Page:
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Paula Nottingham

Page history last edited by sceptrept 13 years, 10 months ago

Valuing work-based Learning Pedagogical Expertise

Paula Nottingham, Birkbeck, University of London


Knowledge of professional work environments has increasingly become an important topic for those who teach at university level. Work-based learning (WBL) within Higher Education (HE) is a complex discourse that considers a range of university learning contexts (Gray, 2001, Walsh 2008, Helyer, 2007) that include work-based learning, work-related learning and workforce development. WBL(HE) practice structures and assesses experience-based learning that integrates the use of theory and the process of reflection. Within this context, the dynamics of becoming a professional in the workplace (Eraut, 2007) are balanced with the understanding of how the learning process can be developed throughout life (Jarvis, 2006). Some perspectives of WBL(HE) question the familiar frameworks within which HE operates, such as the use of Mode 2 knowledge exchange (Gibbons et al.,1994).


WBL(HE) can engage ‘non-traditional’ students, often in part-time study, who remain in the workplace, as employees or volunteers, or are working at home. Recent HE policy seems to support WBL(HE) as being able to increase the number of students who will enter HE as a part of widening participation or as a progression route for vocational learners. WBL(HE) is now explicitly required as a part of the Foundation Degree provision and is recognised by many institutions as a way of answering the Leitch agenda by delivering higher skills and employer engagement targets. The Quality Assurance Agency (2007), Section 9, gives guidelines for WBL and work placements, although the degree to which these two practices are similar may be contested within the WBL(HE) discourse.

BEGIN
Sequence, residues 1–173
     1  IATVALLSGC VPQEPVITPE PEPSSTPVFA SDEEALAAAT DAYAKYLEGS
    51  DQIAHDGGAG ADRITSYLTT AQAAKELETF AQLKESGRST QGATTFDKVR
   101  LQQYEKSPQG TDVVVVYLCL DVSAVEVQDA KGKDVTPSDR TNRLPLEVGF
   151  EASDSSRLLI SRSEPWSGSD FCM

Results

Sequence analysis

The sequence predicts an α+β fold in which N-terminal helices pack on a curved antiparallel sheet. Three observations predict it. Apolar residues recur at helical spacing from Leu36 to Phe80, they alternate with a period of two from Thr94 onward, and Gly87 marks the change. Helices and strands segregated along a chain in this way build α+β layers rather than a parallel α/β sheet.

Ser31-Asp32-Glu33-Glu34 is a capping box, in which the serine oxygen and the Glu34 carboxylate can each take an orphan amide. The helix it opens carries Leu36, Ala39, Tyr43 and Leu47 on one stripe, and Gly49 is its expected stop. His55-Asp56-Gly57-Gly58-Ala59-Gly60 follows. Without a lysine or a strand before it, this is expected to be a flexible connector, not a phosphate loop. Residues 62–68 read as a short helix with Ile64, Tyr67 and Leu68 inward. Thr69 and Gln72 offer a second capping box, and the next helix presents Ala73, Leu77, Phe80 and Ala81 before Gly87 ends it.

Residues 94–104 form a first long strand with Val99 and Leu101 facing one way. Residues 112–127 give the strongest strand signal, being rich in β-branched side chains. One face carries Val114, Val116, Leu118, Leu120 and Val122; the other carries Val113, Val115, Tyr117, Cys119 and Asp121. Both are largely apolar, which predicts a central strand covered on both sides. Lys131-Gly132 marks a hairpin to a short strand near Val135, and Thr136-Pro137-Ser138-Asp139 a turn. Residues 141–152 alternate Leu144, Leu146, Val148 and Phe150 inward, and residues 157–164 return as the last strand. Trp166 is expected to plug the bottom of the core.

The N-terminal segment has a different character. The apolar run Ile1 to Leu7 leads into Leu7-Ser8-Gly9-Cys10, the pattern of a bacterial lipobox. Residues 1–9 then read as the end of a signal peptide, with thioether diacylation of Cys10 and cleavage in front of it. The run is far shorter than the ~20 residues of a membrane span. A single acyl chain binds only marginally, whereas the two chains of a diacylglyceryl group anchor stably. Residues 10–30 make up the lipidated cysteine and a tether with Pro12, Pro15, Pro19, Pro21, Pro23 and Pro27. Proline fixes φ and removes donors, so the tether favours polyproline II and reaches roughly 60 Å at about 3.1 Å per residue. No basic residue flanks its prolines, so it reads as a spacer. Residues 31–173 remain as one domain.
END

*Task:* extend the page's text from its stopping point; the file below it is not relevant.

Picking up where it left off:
Emerging findings from ongoing doctoral research indicate that the current philosophies used to research and practice WBL(HE), while varied in perspective, provide innovative expertise that may inform a wider audience in HE institutions, especially practitioners. WBL(HE) specialist knowledge has often been developed using personal experience where practitioners have developed pedagogy to adapt to a changing Academy environment that is increasingly being asked to engage in demand led provision. The realities of the WBL(HE) landscape (Nixon et al., 2006) may require WBL(HE) practitioners to adapt this pedagogy to a ‘best fit’ within their autonomous institutions and prepare a wider group of professionals to obtain specialist knowledge for delivering this type of learning. In some instances, some of the concepts developed within WBL(HE) practice might be used to enrich related learning for the workplace, such as with personal development planning, as a part of enriching student experience.


Key words: work-based learning, workplace, expertise, pedagogy, employer engagement, Foundation Degree



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